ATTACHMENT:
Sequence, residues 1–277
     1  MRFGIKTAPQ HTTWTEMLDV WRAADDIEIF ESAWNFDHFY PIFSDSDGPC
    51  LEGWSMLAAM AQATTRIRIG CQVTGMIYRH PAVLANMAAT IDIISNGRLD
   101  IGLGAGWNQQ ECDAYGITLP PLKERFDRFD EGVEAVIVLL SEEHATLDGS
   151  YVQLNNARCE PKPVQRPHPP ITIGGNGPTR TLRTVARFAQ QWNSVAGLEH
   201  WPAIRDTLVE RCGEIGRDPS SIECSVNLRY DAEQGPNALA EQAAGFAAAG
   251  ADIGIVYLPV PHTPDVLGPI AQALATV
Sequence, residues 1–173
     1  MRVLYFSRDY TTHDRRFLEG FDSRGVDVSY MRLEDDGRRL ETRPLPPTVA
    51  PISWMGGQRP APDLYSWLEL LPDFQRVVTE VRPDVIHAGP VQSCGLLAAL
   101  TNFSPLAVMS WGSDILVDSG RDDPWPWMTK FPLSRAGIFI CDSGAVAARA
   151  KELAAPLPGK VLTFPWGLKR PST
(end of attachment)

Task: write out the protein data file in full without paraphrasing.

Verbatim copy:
Sequence, residues 1–277
     1  MRFGIKTAPQ HTTWTEMLDV WRAADDIEIF ESAWNFDHFY PIFSDSDGPC
    51  LEGWSMLAAM AQATTRIRIG CQVTGMIYRH PAVLANMAAT IDIISNGRLD
   101  IGLGAGWNQQ ECDAYGITLP PLKERFDRFD EGVEAVIVLL SEEHATLDGS
   151  YVQLNNARCE PKPVQRPHPP ITIGGNGPTR TLRTVARFAQ QWNSVAGLEH
   201  WPAIRDTLVE RCGEIGRDPS SIECSVNLRY DAEQGPNALA EQAAGFAAAG
   251  ADIGIVYLPV PHTPDVLGPI AQALATV
Sequence, residues 1–173
     1  MRVLYFSRDY TTHDRRFLEG FDSRGVDVSY MRLEDDGRRL ETRPLPPTVA
    51  PISWMGGQRP APDLYSWLEL LPDFQRVVTE VRPDVIHAGP VQSCGLLAAL
   101  TNFSPLAVMS WGSDILVDSG RDDPWPWMTK FPLSRAGIFI CDSGAVAARA
   151  KELAAPLPGK VLTFPWGLKR PST